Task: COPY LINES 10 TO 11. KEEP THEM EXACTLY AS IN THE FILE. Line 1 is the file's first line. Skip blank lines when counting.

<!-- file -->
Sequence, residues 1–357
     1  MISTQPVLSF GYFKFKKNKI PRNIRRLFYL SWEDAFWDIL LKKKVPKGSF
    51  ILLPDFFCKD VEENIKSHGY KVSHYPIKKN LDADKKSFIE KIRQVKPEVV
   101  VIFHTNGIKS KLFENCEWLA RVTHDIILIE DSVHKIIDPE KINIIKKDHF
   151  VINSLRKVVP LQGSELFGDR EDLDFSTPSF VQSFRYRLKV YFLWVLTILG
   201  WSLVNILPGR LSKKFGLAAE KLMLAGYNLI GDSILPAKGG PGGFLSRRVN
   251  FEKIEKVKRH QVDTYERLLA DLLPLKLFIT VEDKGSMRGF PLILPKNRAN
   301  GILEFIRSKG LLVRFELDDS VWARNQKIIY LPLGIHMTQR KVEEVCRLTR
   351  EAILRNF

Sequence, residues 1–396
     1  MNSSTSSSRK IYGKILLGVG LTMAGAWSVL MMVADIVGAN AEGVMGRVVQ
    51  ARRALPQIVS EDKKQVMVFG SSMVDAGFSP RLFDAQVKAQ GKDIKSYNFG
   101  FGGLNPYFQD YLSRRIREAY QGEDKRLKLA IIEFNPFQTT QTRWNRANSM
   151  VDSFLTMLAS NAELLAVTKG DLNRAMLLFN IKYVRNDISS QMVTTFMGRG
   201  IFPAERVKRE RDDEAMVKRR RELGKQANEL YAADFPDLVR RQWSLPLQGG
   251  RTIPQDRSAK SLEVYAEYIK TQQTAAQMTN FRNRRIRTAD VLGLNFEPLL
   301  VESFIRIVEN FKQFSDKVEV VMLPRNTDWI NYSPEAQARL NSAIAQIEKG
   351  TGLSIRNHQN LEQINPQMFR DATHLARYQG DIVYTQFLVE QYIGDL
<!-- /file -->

Sequence, residues 1–396
     1  MNSSTSSSRK IYGKILLGVG LTMAGAWSVL MMVADIVGAN AEGVMGRVVQ